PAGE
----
2.3 Immunohistochemistry

p-AKT and p-MAPK protein expression in tissues was detected by immunohistochemistry. Paraffin-embedded sections were deparaffinized using xylene, gradient alcohol, and distilled water. The sections were incubated with 3 % H2O2 solution to block peroxidase activity for 10 min at room temperature (RT). After blocking with a 5 % BSA solution at RT, the sections were incubated with a primary antibody (1:2000 dilution for Ser473 p-AKT and Thr183 p-MAPK) at 37°C for 2 hrs. After washing with 1 × PBS, the sections were incubated with a biotin-conjugated secondary antibody (1:1000) at 37°C for 30 min. The sections were then incubated with HRP-conjugated streptavidin at 37°C for 30 min. After washing with 1 × PBS, the sections were developed using DAB chromogenic agents for 10 min. The reaction was then stopped, and the sections were washed with distilled water. After hematoxylin counterstaining, dehydration, hyalinization, and mounting, the sections were observed under a microscope. Five random fields were selected under a high-power field (400X) to calculate total cell count and positively-stained cell count [14].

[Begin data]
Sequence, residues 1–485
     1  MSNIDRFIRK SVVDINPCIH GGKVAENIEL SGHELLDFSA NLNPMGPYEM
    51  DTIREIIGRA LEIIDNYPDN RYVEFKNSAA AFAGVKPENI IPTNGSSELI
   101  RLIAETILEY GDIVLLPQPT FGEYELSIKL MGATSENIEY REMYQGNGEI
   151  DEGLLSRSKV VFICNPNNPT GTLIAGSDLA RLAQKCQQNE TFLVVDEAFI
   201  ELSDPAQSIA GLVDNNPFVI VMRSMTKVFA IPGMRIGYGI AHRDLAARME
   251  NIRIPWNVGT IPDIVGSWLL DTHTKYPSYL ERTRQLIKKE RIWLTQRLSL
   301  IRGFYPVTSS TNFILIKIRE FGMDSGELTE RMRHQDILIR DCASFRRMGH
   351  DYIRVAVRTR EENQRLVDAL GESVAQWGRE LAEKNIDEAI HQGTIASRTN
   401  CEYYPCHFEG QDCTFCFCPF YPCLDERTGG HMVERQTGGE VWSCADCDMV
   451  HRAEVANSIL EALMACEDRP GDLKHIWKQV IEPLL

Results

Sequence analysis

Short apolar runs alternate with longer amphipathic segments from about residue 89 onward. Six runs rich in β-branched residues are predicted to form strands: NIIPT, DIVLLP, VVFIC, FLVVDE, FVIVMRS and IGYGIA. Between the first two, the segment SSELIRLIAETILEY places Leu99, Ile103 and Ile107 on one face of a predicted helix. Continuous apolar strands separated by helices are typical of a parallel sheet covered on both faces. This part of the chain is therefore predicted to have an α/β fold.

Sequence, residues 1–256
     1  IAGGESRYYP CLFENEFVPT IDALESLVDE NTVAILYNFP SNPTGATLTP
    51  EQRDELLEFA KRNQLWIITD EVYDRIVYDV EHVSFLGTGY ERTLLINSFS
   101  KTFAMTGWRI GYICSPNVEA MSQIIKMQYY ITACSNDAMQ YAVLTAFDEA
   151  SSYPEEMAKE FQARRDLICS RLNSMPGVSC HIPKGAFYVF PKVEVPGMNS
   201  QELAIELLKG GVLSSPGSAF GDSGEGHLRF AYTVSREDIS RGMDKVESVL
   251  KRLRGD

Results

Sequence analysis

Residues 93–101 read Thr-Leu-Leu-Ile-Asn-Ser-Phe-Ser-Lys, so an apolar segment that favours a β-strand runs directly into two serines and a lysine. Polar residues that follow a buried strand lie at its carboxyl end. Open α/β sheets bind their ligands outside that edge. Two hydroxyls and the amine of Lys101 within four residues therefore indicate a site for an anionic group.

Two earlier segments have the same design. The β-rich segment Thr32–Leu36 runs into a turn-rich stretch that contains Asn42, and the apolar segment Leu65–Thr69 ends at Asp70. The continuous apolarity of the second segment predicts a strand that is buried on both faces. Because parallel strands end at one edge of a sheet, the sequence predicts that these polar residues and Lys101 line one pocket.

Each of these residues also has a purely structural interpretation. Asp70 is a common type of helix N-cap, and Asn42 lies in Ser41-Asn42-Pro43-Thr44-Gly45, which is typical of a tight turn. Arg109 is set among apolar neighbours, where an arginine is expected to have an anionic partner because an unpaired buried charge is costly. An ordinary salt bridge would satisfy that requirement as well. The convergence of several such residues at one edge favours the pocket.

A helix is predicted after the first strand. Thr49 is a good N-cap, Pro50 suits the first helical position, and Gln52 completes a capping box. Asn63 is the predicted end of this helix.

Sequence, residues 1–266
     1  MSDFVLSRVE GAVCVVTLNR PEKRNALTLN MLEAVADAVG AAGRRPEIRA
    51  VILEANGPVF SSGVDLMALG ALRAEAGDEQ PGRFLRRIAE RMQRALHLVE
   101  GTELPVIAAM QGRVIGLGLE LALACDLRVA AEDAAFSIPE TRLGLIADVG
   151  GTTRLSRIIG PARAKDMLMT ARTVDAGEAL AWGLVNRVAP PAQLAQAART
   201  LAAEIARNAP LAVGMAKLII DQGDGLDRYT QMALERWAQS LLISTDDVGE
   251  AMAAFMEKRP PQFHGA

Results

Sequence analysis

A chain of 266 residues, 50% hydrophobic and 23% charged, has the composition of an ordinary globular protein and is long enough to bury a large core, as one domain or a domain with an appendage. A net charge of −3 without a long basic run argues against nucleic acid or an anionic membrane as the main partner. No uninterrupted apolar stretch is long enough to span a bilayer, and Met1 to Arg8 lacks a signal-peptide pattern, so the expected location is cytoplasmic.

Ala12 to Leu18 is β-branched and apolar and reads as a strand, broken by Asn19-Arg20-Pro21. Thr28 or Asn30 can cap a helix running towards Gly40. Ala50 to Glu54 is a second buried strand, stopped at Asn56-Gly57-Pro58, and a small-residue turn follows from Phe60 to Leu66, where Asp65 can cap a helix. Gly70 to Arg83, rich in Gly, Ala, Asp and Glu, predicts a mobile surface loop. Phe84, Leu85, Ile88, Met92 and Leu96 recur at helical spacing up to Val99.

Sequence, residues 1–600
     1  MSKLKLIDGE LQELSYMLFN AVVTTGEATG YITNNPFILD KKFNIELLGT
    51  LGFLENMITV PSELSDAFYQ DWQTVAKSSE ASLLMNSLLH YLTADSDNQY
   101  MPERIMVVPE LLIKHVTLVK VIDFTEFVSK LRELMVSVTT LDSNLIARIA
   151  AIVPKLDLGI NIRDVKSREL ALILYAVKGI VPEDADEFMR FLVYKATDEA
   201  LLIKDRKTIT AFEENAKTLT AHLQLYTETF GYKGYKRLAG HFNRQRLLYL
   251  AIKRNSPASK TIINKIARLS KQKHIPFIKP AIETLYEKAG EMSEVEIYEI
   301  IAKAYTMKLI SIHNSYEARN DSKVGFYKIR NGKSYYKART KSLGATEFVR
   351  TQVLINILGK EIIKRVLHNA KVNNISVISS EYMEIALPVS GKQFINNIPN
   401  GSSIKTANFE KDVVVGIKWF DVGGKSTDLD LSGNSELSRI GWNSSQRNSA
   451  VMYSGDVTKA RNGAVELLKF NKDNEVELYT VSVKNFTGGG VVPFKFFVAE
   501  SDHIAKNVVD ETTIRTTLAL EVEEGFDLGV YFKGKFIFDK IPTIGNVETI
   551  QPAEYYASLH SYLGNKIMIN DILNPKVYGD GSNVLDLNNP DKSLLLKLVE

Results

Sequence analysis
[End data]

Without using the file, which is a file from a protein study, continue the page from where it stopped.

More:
2.4 Western blot

Total protein was extracted from cells using an RIPA buffer. The proteins were separated on a 15 % SDS-PAGE gel and electrophoretically transferred to PVDF membranes. After being blocked using a TBST buffer containing 5 % skim milk at 37°C for 1 hr, the membranes were incubated with a primary antibody (anti-Akt, anti-Akt Ser473, anti-MAPK, and anti-p-MAPK were purchased from Cell Signaling Technology Inc., 1000 dilution) at 4°C overnight. After washing with a TBST buffer, the membranes were incubated in an HRP-conjugated IgG secondary antibody (1:1000) at RT for 1 hr. The membranes were then incubated with chromogenic substrates and exposed to X-ray films. Protein band optical densities were scanned and analyzed as previously described [15].

2.5 Statistical analysis